Halloween a time when spirits roam

Are you ready for Halloween? If not, maybe the following will put you in the mood.
Did you hear about the guy who went to a Halloween party disguised as a dump truck — and got loaded? Well, brace yourself. Party night is just around the corner. This year, the party idea will start with this revelation: “Look! Halloween is on a Friday! I have a great idea. Let's have a Halloween costume party! We can all dress up in character. It will be great fun; like re-living our childhood.”
Have you heard that one before?  Depending on your point of view, it’s either a great idea or an event you definitely want to miss. Whenever Halloween falls on a Friday or Saturday, it seems to become more of a “party” night for “older”  ghosts and goblins. This usually results in forcible dressing up in some sort of costume with which to dazzle your friends.  It’s a fine idea if you’re into dressing up like a vampire,  a witch or  Rob Ford.  
But for those of us who are not costume crazy, we prefer it when Halloween falls on a Wednesday, making it kids’ night only. The adults supervise and try to talk their kids out of some of the really neat candy, but basically have weekday duties to attend to, so the costume party idea doesn’t get a chance to rear its ghostly head.
With October 31 on a Friday this year, it will be party night for some, along with the usual excitement for the kids,  plus the added bonus of not having to get up for school or work the next morning. 
Did they party in the old days?
Yes, they did. At least, they partied in the style of the times. You have to remember that it was a long, long time ago that all this tradition began, so  some of what originally went on was not very tame.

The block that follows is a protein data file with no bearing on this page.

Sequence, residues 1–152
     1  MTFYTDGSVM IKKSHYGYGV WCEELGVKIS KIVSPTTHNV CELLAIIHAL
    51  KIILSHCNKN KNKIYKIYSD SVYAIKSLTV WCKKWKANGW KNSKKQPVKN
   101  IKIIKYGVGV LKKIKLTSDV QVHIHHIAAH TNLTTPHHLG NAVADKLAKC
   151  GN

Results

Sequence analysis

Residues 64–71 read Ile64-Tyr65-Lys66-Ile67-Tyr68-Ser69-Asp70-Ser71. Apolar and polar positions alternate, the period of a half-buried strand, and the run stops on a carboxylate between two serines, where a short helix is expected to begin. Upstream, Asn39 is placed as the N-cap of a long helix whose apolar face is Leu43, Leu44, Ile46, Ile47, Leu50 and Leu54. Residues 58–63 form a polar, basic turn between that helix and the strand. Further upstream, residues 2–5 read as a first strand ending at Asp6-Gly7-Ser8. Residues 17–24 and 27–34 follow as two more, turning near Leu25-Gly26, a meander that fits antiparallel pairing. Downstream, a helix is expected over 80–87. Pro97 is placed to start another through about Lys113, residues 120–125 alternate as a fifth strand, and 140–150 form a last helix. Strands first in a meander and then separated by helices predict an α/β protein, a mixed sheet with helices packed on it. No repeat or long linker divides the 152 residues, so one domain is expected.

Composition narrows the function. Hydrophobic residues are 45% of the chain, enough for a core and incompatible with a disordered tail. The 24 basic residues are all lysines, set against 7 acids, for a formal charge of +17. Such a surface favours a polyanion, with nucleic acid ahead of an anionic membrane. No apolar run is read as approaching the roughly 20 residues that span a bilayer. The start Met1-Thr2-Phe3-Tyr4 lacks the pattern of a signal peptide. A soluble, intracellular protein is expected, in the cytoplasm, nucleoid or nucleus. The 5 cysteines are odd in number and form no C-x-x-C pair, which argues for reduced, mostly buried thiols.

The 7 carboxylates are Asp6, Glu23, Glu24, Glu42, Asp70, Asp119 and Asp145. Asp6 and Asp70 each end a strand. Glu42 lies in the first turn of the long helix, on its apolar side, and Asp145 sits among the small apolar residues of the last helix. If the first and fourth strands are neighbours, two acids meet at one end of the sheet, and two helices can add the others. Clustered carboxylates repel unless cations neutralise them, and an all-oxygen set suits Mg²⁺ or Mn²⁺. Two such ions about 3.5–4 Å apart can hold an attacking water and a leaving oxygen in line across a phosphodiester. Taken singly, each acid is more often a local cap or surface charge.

One of the many versions of the origin of Halloween comes from England.  As the story goes, on October 31 in ancient England, the Druids alledgedly observed “Summer’s End” with human sacrifice, forecasts of the future, and prayers. Spirits were thought to be lurking about in the night air as the sun was beginning its downward course into winter.
The end of summer was  a little depressing for the people of those bygone days — not unlike the feelings we have today — but thank goodness we leave out the gory stuff.  
Later on, as the years flew by, all this tradition gradually changed a little and became Hallow E’en — still with the ghosts and goblins, but with the addition of gaiety and hijinks. Apples played an important part in the Halloween festivities with apple-bobbing and ducking for apples. Traditional Halloween fires and fireworks emerged from an ancient custom in Lancashire where country people tried to help the souls of friends in purgatory by lighting fires and throwing on burning straw with pitchforks.  
Hmm, well, I told you it was a long time ago.      
Did they have Halloween jokes in the old days?
Probably, although I doubt if they were any better than these:
• What position does a monster play on a hockey team?
• How do skeletons like their potatoes?
In grave-y.
• What is a ghost’s favourite type of show?
A  phantomime. 
• What would you get if you crossed a St. Bernard with a zombie?
A dog that buries itself.
• What would you get if you crossed a ghoul with a cow?
A ghost beef sandwich.